Pigs x7 at Desertfest 2017 Photo: Dave Pettit

I hadn’t seen Bongzilla before, but I was a fan of their stuff and so was looking forward to their set. Having headlined The Underworld the night before and opening The Roundhouse today, almost like Desertfest’s 2017 house band I guess, you could have forgiven them for being a little the worse for wear. As they wandered on stage, mesh back baseball caps pulled low over their eyes, not looking massively different to the roadies — at least until they strapped on their instruments — vocalist and guitarist Mike Makela yelled out to the crowd “Y’ALL HIGH YET?”

This got the predicted positive response, “hope not too much, you got Sleep later!” And with that they lurched into their down-home brand of mega-heavy sludgy stoner doom. The first couple of tracks kinda meandered a little, there were some problems with the high hats, and maybe things were suffering a little from the night before. “Sorry we’re high, we’re gonna play an old one, we can’t remember how to play the new ones!” — from then on in it was relentless — bongy, swampy, crunching sludge metal you just cannot fail to groove to.

Bongzilla at Desertfest 2017 Photo: Dave Pettit

One of the things I’ve always thought is true when it comes to the doom/sludge genre – the best bands have always understood that they are playing a form of rock n’ roll, the roots are in the blues, and the groove is the core. And Bongzilla don’t just know this, they could have written the bloody manual (Doom For Dopeheads?), they are serious groovy bastards. And they throw great axe shapes as well. Several times Mike, fellow guitarist Jeff Shultz and bassist Cooter Brown were leaning so far back they must have been breaking several laws of physics. The highlight was probably the performance of “Grim Reefer”, with Mike’s screaming vocals roaring out over the crowd. All too soon their time was up: forty-five minutes of fucking awesome sludge. A perfect start to the day, high or not.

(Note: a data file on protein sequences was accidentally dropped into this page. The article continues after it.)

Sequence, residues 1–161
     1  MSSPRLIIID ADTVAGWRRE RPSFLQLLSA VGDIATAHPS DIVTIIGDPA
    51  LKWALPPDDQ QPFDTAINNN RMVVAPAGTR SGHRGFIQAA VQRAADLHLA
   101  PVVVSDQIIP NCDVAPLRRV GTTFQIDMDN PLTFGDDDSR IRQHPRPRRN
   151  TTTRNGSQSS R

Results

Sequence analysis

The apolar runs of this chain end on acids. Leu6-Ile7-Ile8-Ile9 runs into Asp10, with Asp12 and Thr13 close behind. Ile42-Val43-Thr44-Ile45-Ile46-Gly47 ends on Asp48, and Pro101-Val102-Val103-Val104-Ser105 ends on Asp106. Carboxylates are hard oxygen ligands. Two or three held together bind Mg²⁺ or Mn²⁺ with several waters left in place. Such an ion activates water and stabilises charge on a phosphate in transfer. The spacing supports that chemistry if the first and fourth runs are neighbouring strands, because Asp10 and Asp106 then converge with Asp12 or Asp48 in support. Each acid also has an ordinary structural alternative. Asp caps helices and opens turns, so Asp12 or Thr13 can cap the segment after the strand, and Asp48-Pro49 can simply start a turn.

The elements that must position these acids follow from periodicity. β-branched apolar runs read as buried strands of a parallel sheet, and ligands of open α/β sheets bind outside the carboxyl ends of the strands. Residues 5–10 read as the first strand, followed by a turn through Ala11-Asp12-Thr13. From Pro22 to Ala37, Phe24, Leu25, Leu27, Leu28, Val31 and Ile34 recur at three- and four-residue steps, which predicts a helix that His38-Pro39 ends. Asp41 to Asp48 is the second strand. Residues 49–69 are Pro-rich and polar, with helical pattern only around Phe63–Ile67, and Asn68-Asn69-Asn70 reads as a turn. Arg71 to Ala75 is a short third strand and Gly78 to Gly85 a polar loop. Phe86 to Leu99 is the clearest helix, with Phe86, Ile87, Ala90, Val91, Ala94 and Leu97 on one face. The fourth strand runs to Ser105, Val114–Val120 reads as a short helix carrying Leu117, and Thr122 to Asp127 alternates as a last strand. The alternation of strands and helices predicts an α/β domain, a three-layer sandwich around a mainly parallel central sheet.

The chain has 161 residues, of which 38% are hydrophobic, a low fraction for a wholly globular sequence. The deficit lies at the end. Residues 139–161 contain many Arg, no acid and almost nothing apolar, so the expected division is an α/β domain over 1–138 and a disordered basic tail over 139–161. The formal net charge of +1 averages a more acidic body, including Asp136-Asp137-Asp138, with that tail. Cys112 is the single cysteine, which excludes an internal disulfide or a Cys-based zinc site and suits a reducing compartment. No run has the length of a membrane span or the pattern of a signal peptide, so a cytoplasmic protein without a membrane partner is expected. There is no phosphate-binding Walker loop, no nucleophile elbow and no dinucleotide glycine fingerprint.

Saint Vitus at Desertfest 2017JF: Sunday is another day, and I decide to spend it in Chalk Farm, at The Roundhouse, the legendary venue now colonised by Desertfest’s onward creep. Due to an incredibly arcane ticketing system as well as some kind of mix-up with wristbands, it turns out I’m only allowed to sit upstairs. At first this causes no small amount of disappointment, but as I take my seat just before Saint Vitus take the stage, it occurs to me that I am nursing a Saturday-at-Desertfest-sized hangover, and the prospect of sitting in a reasonably comfy seat with ready access to copious amounts of hair of the dog and watching some awesomely heavy bands might just be a delightful way to spend a Sunday.